New traffic pattern
Republicans, Democrats to raise taxes for I-81 improvement
The 2019 General Assembly session was marked by political scandal and election-year gamesmanship, so it came as something of a surprise when the legislature did what previous generations of lawmakers have failed to do: establish dedicated funding for improving Interstate 81.
New legislation for the first time creates dedicated revenue streams and a fund for I-81, along with a committee for prioritizing work along Virginia’s 325-mile portion of the interstate.
Localities along the I-81 corridor will see the price at the gas pump go up when a 2.1% regional fuels tax goes into effect July 1. The revenue generated by the tax, expected to be around $150 million annually, will go toward $2.2 billion worth of improvements recommended for I-81 by the Commonwealth Transportation Board.
‘A historic vote’
It speaks to the urgency of I-81’s problems that enough Republicans and Democrats in the House and Senate backed a plan to raise taxes. An editorial by The Roanoke Times called passage of the legislation a “historic vote.”
“I’ve never actually been a part of such a collaborative bipartisan effort,” says Secretary of Transportation Shannon Valentine. “We were putting a plan together that would address the safety needs along the corridor, the economic needs, the reliability needs that quite frankly have been kicked down the road for decades.”
Widespread congestion and safety issues on I-81 have been well known for years. The challenge in addressing the problem has been figuring out how to foot the bill for improvements.
So, just how bad is the stretch of I-81 that runs from Winchester to Bristol in western Virginia? Jeff Perkins, president of Boxley Materials Co. in Roanoke, won’t let his college-age children drive home for Thanksgiving on I-81, which first began to be built in 1957. Between 2013 and 2017, more than 11,000 crashes occurred in the I-81 corridor. (In the same period, I-64 saw more than 21,000 crashes and I-95 saw more than 25,000 crashes). The unpredictability of traffic congestion caused by accidents translates into delays for commuters and shipments.
“It costs us money to not be able to move product efficiently,” says Perkins. “If you expect to get so much product out per day and your trucks are stuck in traffic, you just can’t get it all delivered in the day that you expect.”
Winding road ahead
Just before the start of this year’s General Assembly session, Gov. Ralph Northam, a Democrat, stood with four Republican lawmakers from districts along the I-81 corridor to push for a plan that would have added tolls to the interstate to fund improvements.
The lawmakers who backed the tolling legislation were state Sens. Mark D. Obenshain (R-Harrisonburg) and Charles W. Carrico Sr. (R-Grayson) and Delegates R. Steven Landes (R-Augusta) and Terry L. Austin (R-Botetourt).
“I knew that we were never going to make any significant improvements to not only I-81 but the transportation system in this region if we didn’t come up with a funding stream,” said Austin in an April interview. “If we didn’t do it, who knows what the consequences would be.”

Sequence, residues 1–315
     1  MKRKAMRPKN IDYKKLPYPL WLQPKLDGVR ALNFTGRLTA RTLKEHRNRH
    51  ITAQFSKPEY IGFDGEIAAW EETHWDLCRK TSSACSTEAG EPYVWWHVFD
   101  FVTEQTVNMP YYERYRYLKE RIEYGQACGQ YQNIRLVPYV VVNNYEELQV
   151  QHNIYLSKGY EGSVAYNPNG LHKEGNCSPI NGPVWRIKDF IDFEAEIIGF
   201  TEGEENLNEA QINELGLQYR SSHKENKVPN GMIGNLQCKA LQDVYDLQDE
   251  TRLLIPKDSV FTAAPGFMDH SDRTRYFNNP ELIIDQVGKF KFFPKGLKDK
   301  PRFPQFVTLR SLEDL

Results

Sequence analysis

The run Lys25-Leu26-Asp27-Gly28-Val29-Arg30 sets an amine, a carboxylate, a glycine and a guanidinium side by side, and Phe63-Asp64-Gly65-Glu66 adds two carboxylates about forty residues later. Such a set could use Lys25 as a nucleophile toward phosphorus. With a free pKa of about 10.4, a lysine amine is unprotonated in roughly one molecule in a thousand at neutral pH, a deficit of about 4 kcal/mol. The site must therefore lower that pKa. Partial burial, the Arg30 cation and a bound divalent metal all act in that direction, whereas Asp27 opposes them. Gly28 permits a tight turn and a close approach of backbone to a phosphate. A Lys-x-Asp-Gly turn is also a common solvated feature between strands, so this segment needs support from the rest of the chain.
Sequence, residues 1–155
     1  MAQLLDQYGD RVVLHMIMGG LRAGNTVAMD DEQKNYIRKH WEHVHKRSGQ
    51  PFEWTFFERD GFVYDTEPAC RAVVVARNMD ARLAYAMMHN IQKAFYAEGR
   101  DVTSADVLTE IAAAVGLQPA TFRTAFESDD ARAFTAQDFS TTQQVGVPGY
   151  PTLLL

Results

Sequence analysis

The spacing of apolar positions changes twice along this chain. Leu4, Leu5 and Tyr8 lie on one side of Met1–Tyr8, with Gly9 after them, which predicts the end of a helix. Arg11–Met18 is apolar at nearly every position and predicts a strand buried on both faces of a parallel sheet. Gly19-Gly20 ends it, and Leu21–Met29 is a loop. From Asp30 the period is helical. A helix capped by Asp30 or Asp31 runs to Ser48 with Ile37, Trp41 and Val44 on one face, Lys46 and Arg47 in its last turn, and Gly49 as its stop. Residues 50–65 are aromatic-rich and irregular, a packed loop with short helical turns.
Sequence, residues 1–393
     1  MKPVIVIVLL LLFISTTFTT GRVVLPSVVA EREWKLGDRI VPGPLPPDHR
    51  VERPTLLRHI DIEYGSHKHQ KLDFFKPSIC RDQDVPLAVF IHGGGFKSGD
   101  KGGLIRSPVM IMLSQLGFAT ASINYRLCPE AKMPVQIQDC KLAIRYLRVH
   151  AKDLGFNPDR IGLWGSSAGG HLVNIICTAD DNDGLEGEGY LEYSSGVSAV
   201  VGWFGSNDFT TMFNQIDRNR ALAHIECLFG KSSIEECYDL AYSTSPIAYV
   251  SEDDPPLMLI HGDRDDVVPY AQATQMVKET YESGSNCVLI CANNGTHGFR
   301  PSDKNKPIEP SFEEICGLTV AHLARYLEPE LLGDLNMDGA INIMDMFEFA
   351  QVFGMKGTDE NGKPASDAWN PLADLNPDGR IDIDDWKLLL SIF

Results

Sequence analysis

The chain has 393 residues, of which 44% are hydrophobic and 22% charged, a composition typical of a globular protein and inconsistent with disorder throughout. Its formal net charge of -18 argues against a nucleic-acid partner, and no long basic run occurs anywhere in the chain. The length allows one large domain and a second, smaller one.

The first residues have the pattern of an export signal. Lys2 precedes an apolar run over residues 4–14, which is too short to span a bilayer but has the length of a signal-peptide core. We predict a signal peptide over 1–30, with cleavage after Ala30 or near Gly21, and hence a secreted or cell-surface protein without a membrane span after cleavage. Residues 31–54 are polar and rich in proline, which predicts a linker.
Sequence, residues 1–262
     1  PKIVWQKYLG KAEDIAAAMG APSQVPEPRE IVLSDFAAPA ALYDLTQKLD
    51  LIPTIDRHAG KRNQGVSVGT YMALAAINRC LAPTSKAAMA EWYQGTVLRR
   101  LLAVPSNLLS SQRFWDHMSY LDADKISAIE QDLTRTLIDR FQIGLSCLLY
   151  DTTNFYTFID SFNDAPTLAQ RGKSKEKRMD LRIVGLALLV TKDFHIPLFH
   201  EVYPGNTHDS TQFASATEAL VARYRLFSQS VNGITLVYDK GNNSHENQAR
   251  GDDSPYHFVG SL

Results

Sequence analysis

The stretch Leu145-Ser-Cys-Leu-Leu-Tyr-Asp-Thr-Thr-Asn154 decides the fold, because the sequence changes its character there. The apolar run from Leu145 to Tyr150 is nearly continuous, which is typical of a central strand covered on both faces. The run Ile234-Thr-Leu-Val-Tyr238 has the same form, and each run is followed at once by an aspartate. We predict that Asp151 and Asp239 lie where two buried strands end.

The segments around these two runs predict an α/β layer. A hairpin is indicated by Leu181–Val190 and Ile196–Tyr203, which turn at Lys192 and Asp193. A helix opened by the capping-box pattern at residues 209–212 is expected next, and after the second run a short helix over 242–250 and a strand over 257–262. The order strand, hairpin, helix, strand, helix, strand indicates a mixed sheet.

The Virginia Trucking Association issued a statement in January opposing tolls on I-81 on the grounds they would raise the costs of moving goods and would divert trucks onto secondary roads. The group supported a diesel fuel tax and a regional fuel tax identified in the I-81 Corridor Improvement Plan produced last year. The plan also studied toll financing for I-81 improvements.
“Tolling is just extremely inefficient,” says Dale Bennett, the trucking association’s president. “Nobody likes paying higher taxes and fees, but our industry is also realistic that highways are important to our business and the customers we serve.”
It wasn’t the first time tolls have been floated as a solution for I-81.
In 2003, two private-sector groups gave to the Virginia Department of Transportation detailed proposals for widening I-81. Both plans depended on tolls, and they ultimately died.
As the session got underway this year, debate over the best way to finance I-81 improvements ramped up and appeared to be heading toward yet another impasse.
Northern Virginia officials balked at the idea that, under the legislation backed by Northam, I-81 commuters would be able to pay $30 for an annual pass for unlimited use of the interstate. Northern Virginia commuters, lawmakers noted, face tolls daily. The legislation passed in the House and Senate only after the tolling portion had been removed, leaving only provisions to create a fund and to establish directives for a new committee. A number of other I-81-related bills fizzled out.
By the end of session, Northam’s political capital appeared depleted by the discovery of a picture on his medical school yearbook page showing one man in blackface and another in a Ku Klux Klan outfit. The governor initially apologized for the photo and then changed his story, saying he wasn’t either man in the picture. Northam, however, admitted he had once appeared in blackface in a dance contest in 1984.
Nevertheless, faced with legislation that essentially called for more discussion on what to do about I-81, Northam proposed amending the bills passed by the legislature to add the financing options that would raise taxes.
“It was a challenge because I’m as conservative as my colleagues are,” says Austin, a Republican delegate representing a district in the I-81 corridor. “At the same time, I’m pragmatic and realistic in regard to the fact that, when you have a problem, you’ve got to fix it, and it’s not going to fix itself.”
Valentine, the transportation secretary, says her team met with the Virginia Trucking Association early on to try to address its concerns. Both sides looked at how Virginia’s registration fees and taxes compared with the rates of other states along the I-81 corridor.